Brisbane woman Pinar Parry was in a personal slump when she came up with the business idea that would turn her life around.

The mum was dealing with an ailing business and had put on weight due to stress several years ago.

"I went through a really hard time trying to grow my business and my whole life went to sh*t," she told

"I wasn't looking after myself, I put on weight, and I wasn't living my best life.


"I started looking at what had gone wrong, and I was reading a lot of psychology books about how to find your passion and purpose. I learnt so many new ideas, and I thought it would be great to wear something to remind you to live your best life every day."

And so the idea behind Delta and Co was born — a jewellery company which produces delicate bracelets engraved with straight-talking "truth bombs" and phrases designed to inspire the wearer.

It officially launched in January 2016 as a side hustle, while Mrs Parry was pregnant with her third child.

At that time, her husband Anthony was often away as a FIFO worker, and Mrs Parry struggled to juggle her hectic family life with her growing business.

For 12 months, Delta and Co products were sold at pop up stores and events but last November, Mrs Parry realised it was time to go "all in" and focus solely on the business.

Her husband quit his FIFO job and joined the company full-time, and they soon "started to find their stride" through Facebook ads.

But then the abuse began.

"I started running Facebook ads as a way of marketing and I noticed some comments on the ads saying I'd copied the quotes from another business," the 39-year-old said.


"They started popping up every day and at the beginning I addressed them nicely and diplomatically, and then I started deleting them.

"But eventually I decided to address them full-on."

In a post which soon went viral, Mrs Parry explained the business was "100 per cent original" and that its branding and quotes had been inspired by her own experiences.

" … if you are going to let yourself be bullied by random people on the internet you won't survive in business, or in life for very long," Mrs Parry wrote in her viral post.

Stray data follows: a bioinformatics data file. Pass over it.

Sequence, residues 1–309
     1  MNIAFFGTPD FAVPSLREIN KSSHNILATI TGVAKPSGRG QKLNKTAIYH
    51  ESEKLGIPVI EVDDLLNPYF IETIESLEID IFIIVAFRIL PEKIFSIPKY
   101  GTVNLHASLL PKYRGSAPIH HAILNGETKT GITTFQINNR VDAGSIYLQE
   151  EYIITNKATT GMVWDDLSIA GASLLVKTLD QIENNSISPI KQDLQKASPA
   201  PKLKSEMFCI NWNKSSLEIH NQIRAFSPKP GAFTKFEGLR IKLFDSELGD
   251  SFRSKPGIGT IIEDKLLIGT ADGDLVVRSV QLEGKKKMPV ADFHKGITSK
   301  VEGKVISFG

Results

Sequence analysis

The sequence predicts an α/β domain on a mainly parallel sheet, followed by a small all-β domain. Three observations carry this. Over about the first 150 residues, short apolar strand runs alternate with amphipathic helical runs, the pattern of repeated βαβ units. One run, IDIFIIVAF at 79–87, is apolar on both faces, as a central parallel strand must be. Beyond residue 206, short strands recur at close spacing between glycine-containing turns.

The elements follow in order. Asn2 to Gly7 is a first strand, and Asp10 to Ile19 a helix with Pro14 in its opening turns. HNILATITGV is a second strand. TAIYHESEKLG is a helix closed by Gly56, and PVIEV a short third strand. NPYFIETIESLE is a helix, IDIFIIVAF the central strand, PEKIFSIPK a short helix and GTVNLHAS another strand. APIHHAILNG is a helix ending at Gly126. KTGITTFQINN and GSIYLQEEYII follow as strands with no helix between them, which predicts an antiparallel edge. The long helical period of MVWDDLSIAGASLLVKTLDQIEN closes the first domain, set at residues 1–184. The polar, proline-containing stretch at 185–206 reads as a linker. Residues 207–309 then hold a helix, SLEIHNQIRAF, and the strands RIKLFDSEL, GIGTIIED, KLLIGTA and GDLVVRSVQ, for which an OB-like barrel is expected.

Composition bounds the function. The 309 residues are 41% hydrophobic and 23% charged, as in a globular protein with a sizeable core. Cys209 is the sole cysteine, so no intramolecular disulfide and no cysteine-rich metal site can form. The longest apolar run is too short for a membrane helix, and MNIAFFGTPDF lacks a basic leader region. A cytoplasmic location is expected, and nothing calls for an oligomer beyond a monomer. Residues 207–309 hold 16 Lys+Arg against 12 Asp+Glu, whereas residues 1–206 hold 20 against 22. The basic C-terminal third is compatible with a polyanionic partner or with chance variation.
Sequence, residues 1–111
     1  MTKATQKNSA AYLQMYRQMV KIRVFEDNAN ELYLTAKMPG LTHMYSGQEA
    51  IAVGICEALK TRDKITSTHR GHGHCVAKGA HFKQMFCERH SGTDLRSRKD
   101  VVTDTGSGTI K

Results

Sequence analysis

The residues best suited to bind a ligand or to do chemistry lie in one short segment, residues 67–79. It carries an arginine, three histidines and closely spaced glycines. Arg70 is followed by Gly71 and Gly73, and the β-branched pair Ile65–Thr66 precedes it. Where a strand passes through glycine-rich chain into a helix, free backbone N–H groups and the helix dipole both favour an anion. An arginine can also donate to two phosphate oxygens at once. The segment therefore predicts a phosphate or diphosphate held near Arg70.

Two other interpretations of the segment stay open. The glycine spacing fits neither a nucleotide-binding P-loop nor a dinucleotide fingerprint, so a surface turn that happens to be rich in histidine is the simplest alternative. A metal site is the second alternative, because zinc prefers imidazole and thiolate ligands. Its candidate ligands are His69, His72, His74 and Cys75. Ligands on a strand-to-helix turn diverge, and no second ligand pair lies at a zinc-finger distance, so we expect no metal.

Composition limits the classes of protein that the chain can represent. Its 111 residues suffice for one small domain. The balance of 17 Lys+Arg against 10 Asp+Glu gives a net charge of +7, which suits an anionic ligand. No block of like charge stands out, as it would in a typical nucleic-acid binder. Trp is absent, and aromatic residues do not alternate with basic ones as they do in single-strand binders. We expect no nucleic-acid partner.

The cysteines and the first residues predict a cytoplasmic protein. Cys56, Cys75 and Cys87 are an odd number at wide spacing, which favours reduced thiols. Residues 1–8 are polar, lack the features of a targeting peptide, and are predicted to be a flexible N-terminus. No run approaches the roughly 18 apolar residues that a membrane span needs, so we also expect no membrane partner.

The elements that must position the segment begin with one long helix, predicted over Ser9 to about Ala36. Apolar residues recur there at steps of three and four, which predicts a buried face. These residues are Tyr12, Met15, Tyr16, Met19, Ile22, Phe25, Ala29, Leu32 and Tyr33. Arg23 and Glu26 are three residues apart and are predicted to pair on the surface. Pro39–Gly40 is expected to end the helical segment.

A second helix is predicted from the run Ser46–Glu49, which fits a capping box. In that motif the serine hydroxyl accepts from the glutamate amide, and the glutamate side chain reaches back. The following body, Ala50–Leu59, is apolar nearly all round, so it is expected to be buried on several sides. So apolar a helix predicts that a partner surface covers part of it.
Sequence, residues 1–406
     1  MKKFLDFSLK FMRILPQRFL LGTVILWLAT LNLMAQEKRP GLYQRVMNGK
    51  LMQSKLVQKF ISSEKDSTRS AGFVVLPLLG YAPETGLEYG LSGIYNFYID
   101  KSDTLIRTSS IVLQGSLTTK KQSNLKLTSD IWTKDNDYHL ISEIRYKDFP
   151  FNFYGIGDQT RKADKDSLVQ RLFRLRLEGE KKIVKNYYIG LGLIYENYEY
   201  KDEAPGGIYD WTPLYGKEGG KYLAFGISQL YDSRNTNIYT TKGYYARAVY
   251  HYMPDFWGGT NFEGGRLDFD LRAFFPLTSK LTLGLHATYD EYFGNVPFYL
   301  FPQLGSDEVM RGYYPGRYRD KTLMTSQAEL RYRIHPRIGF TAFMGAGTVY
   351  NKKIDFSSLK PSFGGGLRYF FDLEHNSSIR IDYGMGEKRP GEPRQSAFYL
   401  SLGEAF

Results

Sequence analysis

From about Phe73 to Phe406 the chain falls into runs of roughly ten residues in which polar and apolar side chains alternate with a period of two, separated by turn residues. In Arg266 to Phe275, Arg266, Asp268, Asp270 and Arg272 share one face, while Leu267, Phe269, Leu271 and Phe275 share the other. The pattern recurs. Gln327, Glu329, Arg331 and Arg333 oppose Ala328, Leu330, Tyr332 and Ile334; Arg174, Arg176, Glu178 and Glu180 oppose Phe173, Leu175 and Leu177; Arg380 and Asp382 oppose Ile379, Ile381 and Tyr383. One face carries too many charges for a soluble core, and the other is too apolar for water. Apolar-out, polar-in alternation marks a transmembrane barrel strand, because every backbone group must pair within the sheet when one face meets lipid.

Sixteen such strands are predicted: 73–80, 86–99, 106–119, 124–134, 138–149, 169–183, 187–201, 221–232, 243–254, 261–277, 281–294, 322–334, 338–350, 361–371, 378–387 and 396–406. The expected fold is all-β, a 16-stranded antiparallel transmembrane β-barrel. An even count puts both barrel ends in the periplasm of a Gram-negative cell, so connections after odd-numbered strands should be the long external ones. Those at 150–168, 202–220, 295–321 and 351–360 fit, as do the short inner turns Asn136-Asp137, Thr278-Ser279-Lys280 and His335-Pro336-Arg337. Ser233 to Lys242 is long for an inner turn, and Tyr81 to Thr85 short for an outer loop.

"If you let yourself get pushed around and listen to every a**hole with a two-bit opinion about what you SHOULD or SHOULDN'T be doing, you are simply NOT going to make it.

Mrs Parry eventually decided to 'blast back'. Photo / Facebook
Mrs Parry eventually decided to 'blast back'. Photo / Facebook

"It's your life and you need to defend your right to exist, to shine, to grow, fiercely. And no one is going to step in and do that for you, but you."

The post soon attracted thousands of likes, comments and shares, with many Facebook users praising Mrs Parry for fighting back against trolls.

"The story about haters trying to hurt my business resonated with people," she said, noting the post had led to a big spike in sales.

"The haters f***ed up — it ended up turning things from lemons to lemonade because I spun it around and sold so many (bracelets) just by telling my authentic story.

"Being authentic about who you are really resonates, rather than just saying 'buy my sh*t' — that doesn't work."

Mrs Parry said she was proud of the fact she had overcome the abuse, but said it had been a horrific experience.

"It was a small group of people — the same people commenting again and again — and one of them even messaged me and told me to go f**k myself," she said.

"We were a small business — my husband had just quit his job, I had a new baby, and we'd been … trying to make it work, attending events with a baby in our arms.

"To have them attack me really riled me up. I tried the diplomatic route but in the end I blasted back and people loved that. Being real can help a business grow instead of being very politically correct all the time."

These days, Delta and Co is going from strength to strength, with Mrs Parry often struggling to keep up with demand for stock.

In September, the company made around $30,000 in sales, which doubled to $70,000 in October.

This month, it has already reached more than $94,000 and based on current figures, it is now on track to turn over $3 million annually.

The business's bestsellers in 2018 have been its "F***ing fierce" and "F*"k what they think" bands.